You’ve been invited to play in a weekend softball league, and you’re super excited–but by the end of the first weekend, your lower back is hurting so much you can’t walk. Welcome to lumbago, also known as lower back pain.
What you’ve been calling an aching back might be something more serious–but how can you tell what qualifies as lumbago and how can you prevent and treat it, so it doesn’t keep you off the field? Today, we’re providing a thorough understanding of lower back pain and walking you through treatment options. Let’s get started!
Back Pain By a Different Name?
What is lumbago? Lumbago is a term that isn’t used a lot anymore, but it’s used to indicate lower back pain that’s anywhere from mild to severe. The pain can impact older people or younger, and it can be mild or acute.
A long time ago, doctors were taught to associate the condition with rheumatism brought on by dampness (if you’ve ever heard a grandparent worry about getting wet, now you know why). We now know quite a bit more about the conditions that cause and worsen lower back pain.
Also known as LBP (lower back pain), this disorder involves the muscles, nerves, and bones of the back. Pain varies from sudden sharpness to dull, constant aching. LBP is typically classified as acute (lasts less than six weeks), sub chronic (lasts six to twelve weeks), or chronic (lasts more than twelve weeks). As many as 90% of people experience complete relief within six weeks, but as many as 60% of people do not, and their conditions can be further broken down into the following categories:
- Mechanical (includes most episodes of LBP and does not seek an underlying cause)
- Referred pain
To fully understand lumbago and how it might impact you, it’s important to understand a few important principles about back pain. First, pain doesn’t necessarily correlate to the extent of the damage. This means that something like a simple strain can cause severe pain while a herniated disc might be virtually painless. This makes it hard, sometimes, for patients to be motivated enough to get professional help.
It’s also important to understand that diagnosis can be very difficult. Because the back is such a vital and complex community of anatomical structures that impact directly most of the rest of the body and include such diverse structures as nerves, bones, ligaments, and muscles, it can be very difficult for your doctor to fully isolate the precise problem. The brain itself struggles to tell the difference between one structure and another, which is why you will typically struggle to differentiate between a pinched nerve, a herniated disc, or a pulled muscle. All you know is that something hurts!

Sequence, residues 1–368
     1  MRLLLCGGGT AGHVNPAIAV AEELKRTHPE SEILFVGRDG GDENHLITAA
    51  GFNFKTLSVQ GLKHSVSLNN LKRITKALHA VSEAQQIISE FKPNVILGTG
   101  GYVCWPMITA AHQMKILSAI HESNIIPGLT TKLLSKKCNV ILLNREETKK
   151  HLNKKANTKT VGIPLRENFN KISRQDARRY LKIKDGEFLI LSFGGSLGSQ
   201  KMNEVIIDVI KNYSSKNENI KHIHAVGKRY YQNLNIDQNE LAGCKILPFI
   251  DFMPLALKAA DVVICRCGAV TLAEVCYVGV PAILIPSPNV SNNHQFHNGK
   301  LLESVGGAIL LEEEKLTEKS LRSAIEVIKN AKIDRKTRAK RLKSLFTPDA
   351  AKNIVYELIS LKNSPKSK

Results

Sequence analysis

Do You Have These Symptoms?
The following lumbago symptoms can help you understand if you might have the disorder:
- Is your spine movement limited, especially when you try to bend forward or lean back?
- Are you experiencing tense spasms in your muscles, particularly those around your spine?
- Do you have a stiff back?
- Do you have pain across your lower back and does it sometimes radiate into your buttocks, the backs of your thighs, or your groin?
- Is your pain worse upon movement?
- Are you experiencing lumbago with sciatica, which is a tingling sensation or numbness in your back, buttocks, or legs?
- Are you experiencing a change in posture or a limp due to severe pain or a spasm?
Special note: if you suddenly cannot control your bladder or bowels or if your lower back or legs suddenly become numb or weak, contact your doctor or emergency personnel immediately! You should also get checked out immediately if you suffer from backaches and find you have less strength in one or both legs. These symptoms indicate you might have experienced damage in your spine, such as a compressed spinal cord. Early treatment is important to prevent further damage.
What Causes Lumbago?
This is the million dollar question, and frankly, doctors don’t always have the answer. However, we do know that are three main types of causes behind the back pain you might be experiencing. They include:
1. Muscle or Ligament Strain
A strain happens when a muscle has been stretched beyond its limit and tears. These micro tears can be repaired by your body itself but typically take time and rest–and can be very painful. A sprain takes place when there has been too much stretching and it has impacted your ligaments, the soft tissues that connect your bones.